As the 5th week and the first round-robin of the 2020 LCS Spring Split comes to a close, it’s hard to overlook the undefeated Cloud9 team. The squad has won all 10 of their matches this year, and it doesn’t look like any other team is remotely near their level. However, Cloud9’s 2020 roster permutation was unexpected when it was first announced— especially to the last player to join the team.
“I was kind of shocked at first, because I didn’t expect to be traded at all,” support player Philippe “Vulcan” Laflamme explains. “But I said yes, very fast. I’ve always wanted to play for Cloud9.”
Vulcan, age 20, became the most expensive North American player in LCS history last November. Cloud9 agreed to pay $1.5 million and trade rookie ADC Johnson “Johnsun” Nguyen to Dignitas for his contract buyout. Vulcan had been a breakout star with Clutch Gaming in the 2019 season and was a keystone for the organization’s success that year— so it was a surprise to him when he received a call from his general manager.
“Honestly, Dignitas had told me multiple times that they thought I was a very important piece of the roster, and that they would keep me, no matter what,” he explains. “So I was just chilling, expecting to play with Dignitas for at least another year. And out of nowhere, my GM contacted me, asking me if I can hop on a call. And instantly, he was like, ‘Are you okay being traded to Cloud9?'”
The support player had just returned back home to Canada from a long streak, competing through the 2019 LCS Regional Finals Gauntlet, the Worlds Play-in, and the group stage of 2019 Worlds. As a result, the trade call during the off-season was not only unexpected but also a chaotic process.
“Next year, I’m probably going to make sure that I’m in LA so I can see the people that are in charge of my destiny,” Vulcan laughs.
Vulcan’s Early Struggles
As Cloud9 continues to dominate every game and stay undefeated, it’s no contest that Vulcan has been performing to expectations on this squad— but he hasn’t always had the opportunities to shine. The young support player spent just under a year with CLG’s academy team back in 2017, but never saw the light of day with the starting lineup.
“Well, I was on CLG, but I was a remote sub,” he elaborates. “I was in Canada while they were all in LA, so I didn’t interact with them at all. I played one scrim. I even got thrown out twice, actually, for tryouts, and I couldn’t do anything. I didn’t really have a shot from the beginning. I felt like I wasn’t really given a fair chance to start.”
His frustrations on the bench led him to find another opportunity through the 2017 NA Scouting Grounds later that year. Vulcan’s performance in the event led to a 4th place draft-pick with Clutch Gaming. His time in the Academy league would prove to provide immense experience for his career.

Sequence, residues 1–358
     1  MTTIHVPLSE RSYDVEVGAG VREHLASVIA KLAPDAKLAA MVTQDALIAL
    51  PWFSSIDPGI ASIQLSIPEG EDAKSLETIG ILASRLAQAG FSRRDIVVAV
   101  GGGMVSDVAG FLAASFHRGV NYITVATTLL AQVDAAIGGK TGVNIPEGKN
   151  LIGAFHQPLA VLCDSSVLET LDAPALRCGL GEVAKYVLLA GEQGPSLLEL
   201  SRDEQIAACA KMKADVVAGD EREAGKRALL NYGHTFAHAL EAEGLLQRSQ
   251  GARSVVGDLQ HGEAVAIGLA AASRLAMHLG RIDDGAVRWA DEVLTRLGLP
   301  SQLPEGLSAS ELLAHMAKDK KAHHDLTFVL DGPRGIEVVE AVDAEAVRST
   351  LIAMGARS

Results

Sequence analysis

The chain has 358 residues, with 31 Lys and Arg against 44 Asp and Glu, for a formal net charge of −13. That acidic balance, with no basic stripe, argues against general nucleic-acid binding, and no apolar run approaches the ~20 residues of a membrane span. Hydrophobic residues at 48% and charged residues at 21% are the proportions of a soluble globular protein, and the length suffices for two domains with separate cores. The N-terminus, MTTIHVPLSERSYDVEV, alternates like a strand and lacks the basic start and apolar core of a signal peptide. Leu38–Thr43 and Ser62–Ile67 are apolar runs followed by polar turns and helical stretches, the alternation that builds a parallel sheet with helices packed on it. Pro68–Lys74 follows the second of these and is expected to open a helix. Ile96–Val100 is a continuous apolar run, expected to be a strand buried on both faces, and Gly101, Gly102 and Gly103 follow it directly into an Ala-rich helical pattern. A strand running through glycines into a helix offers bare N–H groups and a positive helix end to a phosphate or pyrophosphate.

“I got to play with Gwang-Jin “Piglet” Chae, who’s one of the most, if not the most talented individual players I played with,” Vulcan states. “I learned a lot of laning stuff, even some micro. He’s a pretty smart player. I learned a lot from Piglet.”
Not only did Vulcan learn how to play the game better through his botlaner, but he also learned other social cues from the former world champion.
“I learned how to communicate with my teammates on when we struggle, when we have problems. I can’t just like avoid the problem or ignore my teammates or avoid having conversations… so to be like, a human being, I guess,” he shrugs.
Since the addition of Vulcan to the roster, Cloud9 has been on a dominant tear through the LCS. The team averages a league-fastest 29.6 minutes per game, making each victory short and sweet. Vulcan has adapted to his new team just as quickly and believes that the organization is a great fit.
“Cloud9 feels like a big family,” he says. “I always see Jack (Cloud9 CEO) around chilling with us. Everyone seems pretty close. You know, we do morning workouts, stuff like that. We’re always doing stuff together. The players are really nice. They’re very open to criticism and really easy to work with.”
Vulcan continues, “The public seems to think that Cloud9, has a very ‘troll’ atmosphere. But from what I see, I don’t think it’s true that Cloud9 is trolling or just makes fun of everything. Obviously, we’re able to be professional when we need to.”
As a part of the team to beat, Vulcan continues to chase his goals ambitiously. With the Spring Split halfway complete, he has a few to check off of his list.
“We can win the split, so I’m aiming for winning the Spring Split,” he begins. “But individually, I want to be all-star support, or all-pro support. Because last year, it was just Yong-In “CoreJJ” Jo that everyone talked about. And I want to be able to make it more interesting. So I’m thinking either that, or to be the MVP.”
He takes a moment to think, then smiles.
“Because… you know, if you’re not aiming to be MVP, then… you’re boring.”
Feature image courtesy of Riot Games.
Follow The Game Haus for more sports and esports coverage:
For more League of Legends and Overwatch League content, check out Steph’s Twitter @kdpanthera.
Want to show off how much you like TGH? Check out our merch shop here!
“From Our Haus to Yours”